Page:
Slackpkg is an automated package-management tool for Slackware Linux. It can do tasks such as automatic downloading and installing or upgrading, browse the MANIFEST.gz (Slackware package-contents guide), and more. Dependencies are not automatically handled. It is not a replacement for pkgtool, but a valuable add-on.
LPMtool aims to be a complete package management and software distribution solution. It includes basic command line and PyGTK-based utilities for installing and removing packages, as well as tools to publish Web-based package repositories that use a GPG-based web-of-trust security model.
makeself is a small shell script that generates a self-extractable compressed TAR archive from a directory. The resulting file appears as a shell script, and can be launched as is. The archive will then uncompress itself to a temporary directory and an arbitrary command will be executed (for example, an installation script). This is pretty similar to archives generated with WinZip Self-Extractor in the Windows world.
BitRock InstallBuilder allows you to create easy-to-use multiplatform installers for Linux (x86/PPC/s390/x86_64/Itanium), Windows, Mac OS X, FreeBSD, OpenBSD, Solaris (x86/Sparc), IRIX, AIX, and HP-UX applications. The generated application installers have a native look-and-feel and no external dependencies, and can be run in GUI, text, and unattended modes. In addition to self-contained installers, the installation tool is also able to generate standalone RPM packages.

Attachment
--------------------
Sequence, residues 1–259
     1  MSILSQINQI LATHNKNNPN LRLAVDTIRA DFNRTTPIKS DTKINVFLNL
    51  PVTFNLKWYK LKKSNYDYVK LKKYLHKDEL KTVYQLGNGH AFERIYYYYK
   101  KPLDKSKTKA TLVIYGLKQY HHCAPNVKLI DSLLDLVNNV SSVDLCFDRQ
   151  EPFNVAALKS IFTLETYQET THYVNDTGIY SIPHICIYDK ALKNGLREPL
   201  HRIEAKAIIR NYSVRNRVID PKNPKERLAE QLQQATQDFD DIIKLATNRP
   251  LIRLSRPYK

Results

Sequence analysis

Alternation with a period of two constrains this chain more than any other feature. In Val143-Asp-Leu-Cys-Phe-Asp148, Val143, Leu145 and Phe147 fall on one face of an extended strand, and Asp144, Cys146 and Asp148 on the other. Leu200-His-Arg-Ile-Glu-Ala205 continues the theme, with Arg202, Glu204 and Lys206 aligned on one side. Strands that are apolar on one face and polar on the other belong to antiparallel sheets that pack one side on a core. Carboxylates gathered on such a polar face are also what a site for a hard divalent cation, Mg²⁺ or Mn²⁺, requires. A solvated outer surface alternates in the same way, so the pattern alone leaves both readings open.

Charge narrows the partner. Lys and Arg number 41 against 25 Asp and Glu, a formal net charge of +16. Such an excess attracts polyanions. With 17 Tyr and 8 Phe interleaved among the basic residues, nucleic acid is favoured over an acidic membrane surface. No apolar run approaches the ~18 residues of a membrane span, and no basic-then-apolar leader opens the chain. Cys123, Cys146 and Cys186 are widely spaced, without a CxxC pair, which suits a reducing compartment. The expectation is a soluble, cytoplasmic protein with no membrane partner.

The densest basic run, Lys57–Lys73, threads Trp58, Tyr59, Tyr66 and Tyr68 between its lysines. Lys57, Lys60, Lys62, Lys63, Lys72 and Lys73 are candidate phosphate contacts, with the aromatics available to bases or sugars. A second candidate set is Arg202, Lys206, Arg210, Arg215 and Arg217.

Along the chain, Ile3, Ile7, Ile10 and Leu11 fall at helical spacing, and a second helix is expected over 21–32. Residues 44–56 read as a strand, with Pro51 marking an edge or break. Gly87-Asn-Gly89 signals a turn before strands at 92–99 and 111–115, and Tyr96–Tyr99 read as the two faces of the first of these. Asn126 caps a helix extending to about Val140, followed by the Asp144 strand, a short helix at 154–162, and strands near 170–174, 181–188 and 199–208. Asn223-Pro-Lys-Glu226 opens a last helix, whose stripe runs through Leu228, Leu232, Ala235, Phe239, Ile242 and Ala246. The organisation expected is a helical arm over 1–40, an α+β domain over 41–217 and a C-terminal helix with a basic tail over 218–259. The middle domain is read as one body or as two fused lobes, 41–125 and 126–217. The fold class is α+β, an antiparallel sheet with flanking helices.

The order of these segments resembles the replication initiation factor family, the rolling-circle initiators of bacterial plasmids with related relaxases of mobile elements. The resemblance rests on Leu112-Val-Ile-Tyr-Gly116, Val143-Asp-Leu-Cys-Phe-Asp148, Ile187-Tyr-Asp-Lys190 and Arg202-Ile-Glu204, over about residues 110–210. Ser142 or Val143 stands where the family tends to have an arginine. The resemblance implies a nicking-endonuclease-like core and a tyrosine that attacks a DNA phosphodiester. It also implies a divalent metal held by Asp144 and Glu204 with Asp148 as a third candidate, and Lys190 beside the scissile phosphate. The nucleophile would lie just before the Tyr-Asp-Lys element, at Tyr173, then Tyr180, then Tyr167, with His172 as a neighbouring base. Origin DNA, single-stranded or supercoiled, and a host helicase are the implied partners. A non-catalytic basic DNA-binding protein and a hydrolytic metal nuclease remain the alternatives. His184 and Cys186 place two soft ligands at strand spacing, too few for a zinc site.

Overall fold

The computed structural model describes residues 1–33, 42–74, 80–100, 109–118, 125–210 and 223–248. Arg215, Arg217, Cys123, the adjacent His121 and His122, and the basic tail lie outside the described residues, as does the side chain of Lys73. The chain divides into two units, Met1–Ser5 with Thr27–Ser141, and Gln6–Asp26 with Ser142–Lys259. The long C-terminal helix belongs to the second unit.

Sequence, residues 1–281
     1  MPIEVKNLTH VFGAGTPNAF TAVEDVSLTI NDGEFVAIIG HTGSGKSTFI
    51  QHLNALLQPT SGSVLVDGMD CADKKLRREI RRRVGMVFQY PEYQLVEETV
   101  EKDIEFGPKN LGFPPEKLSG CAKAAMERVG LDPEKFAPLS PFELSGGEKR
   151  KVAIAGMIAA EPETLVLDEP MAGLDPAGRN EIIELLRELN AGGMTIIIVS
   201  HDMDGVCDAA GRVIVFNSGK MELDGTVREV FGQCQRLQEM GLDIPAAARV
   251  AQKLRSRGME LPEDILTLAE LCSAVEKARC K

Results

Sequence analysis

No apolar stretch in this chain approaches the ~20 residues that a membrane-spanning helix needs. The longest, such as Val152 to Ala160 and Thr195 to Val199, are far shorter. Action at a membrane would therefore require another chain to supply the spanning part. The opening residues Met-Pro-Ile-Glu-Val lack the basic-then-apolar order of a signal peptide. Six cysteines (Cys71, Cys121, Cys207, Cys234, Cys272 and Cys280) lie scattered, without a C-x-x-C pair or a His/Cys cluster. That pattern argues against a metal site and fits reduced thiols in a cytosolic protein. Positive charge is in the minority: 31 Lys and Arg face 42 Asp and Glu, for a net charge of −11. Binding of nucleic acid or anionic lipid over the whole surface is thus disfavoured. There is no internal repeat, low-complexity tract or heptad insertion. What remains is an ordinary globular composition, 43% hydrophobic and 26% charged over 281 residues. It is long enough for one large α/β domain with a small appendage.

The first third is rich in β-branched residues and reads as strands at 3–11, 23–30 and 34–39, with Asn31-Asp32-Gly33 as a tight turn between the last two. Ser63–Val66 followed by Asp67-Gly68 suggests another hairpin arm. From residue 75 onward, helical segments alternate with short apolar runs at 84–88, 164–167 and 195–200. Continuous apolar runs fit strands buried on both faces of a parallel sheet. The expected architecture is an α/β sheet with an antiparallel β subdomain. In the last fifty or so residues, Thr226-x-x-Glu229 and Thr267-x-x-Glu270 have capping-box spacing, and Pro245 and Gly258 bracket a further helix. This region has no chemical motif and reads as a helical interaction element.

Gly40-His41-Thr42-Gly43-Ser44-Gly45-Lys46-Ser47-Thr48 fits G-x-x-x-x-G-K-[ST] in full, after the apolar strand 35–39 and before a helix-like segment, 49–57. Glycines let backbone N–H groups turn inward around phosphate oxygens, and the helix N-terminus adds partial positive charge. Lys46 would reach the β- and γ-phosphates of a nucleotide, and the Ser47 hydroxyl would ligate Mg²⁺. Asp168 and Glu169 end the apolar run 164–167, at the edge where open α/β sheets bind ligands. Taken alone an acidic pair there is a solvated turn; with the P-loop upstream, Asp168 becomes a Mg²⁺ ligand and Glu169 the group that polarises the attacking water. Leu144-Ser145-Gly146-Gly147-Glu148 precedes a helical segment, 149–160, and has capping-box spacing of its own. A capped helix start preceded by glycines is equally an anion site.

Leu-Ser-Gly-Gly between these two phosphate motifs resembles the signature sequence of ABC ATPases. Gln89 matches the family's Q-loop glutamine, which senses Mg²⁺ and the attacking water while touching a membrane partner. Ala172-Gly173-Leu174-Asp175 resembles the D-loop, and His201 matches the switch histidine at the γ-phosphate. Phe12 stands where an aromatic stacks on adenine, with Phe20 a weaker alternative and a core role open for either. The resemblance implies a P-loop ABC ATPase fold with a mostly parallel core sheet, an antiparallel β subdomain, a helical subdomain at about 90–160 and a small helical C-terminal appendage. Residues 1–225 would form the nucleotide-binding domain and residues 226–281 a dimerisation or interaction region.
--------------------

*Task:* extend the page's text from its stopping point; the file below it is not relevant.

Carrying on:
install4j is a cross platform Java installer that produces native launchers and installers for all major platforms. install4j offers an intuitive GUI that makes it easy to quickly define installation projects. A command line compiler and an integration for Apache ANT are included.
spill manages symbolic links under one tree which point to matching filenames in another. When individual projects are configured with project/version-specific -- prefix= settings, to keep their installations segregated, spill can make them appear to be installed in a common place, e.g. under /usr/local. It can also delete the links associated with a particular program. It is similar in concept to various other programs such as stow, depot, and relink. However, it's written in C, so it isn't reliant on an interpreter being available. It also doesn't assume complete control of the directory tree where the symbolic links are created. It can create both absolute or relative symbolic links, the latter being more convenient in some setups.
toast is a simple package manager for Unix. It automatically locates and downloads source code, determines how to compile it, installs each package in its own directory tree, and makes the resulting binaries available through an encap/GNU stow-like symlink tree. It also supports binary packages. It is often used to install and manage software in a non-root user's home directory.